What to Expect when Working as an Extra on a Film

What to Expect when Working as an Extra on a Film
What to Expect when Working as an Extra on a Film
It can be very exciting to get a call to work as an extra on a feature film, especially, when it is your first time.

Let’s start at the very beginning for what you can expect on a film set. You get a call from an agent or the extras casting director saying that you are needed to work on the set of a feature film. Make sure you are completely free to work all day if needed. Although, you never know how long you will be on a set, It is not unusual to work anywhere between 8-12 hours. I have worked as little as two hours, and as long as 21 hours. You should never accept the booking if you have anyplace you need to be for the entire day.

After getting the call, I would ask if you are working inside or outside to prepare for the day. You will be told what wardrobe is needed, but if you are working outside, and it is very hot or cold, make sure you bring things that will make the day as comfortable as possible. Typically, you will find a medic on the set that has lot’s of medical supplies, still, I would suggest bringing sun tan lotion to keep yourself from getting burned if you are working outside all day. If the weather is cold, make sure you have plenty of layers to stay comfortable.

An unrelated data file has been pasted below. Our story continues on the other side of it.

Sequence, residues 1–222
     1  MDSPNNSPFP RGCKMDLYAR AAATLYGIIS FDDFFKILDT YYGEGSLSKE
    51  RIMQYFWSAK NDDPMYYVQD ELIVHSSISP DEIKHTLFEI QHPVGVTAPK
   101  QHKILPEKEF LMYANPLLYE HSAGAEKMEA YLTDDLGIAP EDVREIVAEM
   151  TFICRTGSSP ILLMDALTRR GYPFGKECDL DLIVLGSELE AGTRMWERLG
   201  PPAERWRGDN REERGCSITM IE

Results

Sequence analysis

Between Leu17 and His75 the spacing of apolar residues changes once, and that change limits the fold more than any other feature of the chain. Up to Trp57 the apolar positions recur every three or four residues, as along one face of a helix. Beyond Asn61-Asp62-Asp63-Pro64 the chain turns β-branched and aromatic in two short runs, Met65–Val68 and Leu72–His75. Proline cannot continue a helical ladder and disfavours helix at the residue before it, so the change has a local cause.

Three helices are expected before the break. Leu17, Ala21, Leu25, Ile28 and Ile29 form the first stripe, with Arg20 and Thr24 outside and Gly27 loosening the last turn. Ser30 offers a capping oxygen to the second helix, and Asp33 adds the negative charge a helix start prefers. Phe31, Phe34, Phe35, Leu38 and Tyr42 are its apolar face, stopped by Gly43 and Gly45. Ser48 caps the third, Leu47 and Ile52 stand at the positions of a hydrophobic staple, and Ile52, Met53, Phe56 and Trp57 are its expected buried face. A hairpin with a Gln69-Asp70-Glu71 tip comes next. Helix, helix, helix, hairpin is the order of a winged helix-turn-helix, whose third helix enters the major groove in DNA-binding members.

Sometimes you will be one of thousands of people working that day. You could be part of a scene that takes place in a stadium or a rally. In that case, you most likely will not have the opportunity to watch the actors up close. If it is a smaller call, you might get the chance to see how actors prepare and perform. You might be able to observe the director giving information to the talent. I still find it interesting to watch all of the technical people on the set adjusting the lights, camera and sound. After 26 years in the business, I am still amazed as to how many people it takes to make a film. It is really like a small army.

Being on the set with other actors will give you the chance to network with them. This is a great time to meet, ask questions, exchange business cards and learn more about the market you are wanting to work in.

Taking pictures of actors and asking for autographs is not allowed and generally will be mentioned to people before they go to the set. I have seen people asked to leave for not following this rule.

Some days on the set can be wonderful, sometimes they can be uncomfortable and tough, but no matter what your day is like, remember, you volunteered to be there, so make the most out of the day and try and learn as much as you possibly can.

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  • Mike McIlvain

    I like your notes on being prepared. Very important to do so. I was an extra in Terms of Endearment and the TV move Adam in ’83 in Houston, and preparation made a major difference. I was in several extra scenes in Adam because I had other clothes to change into, so I was used several times.

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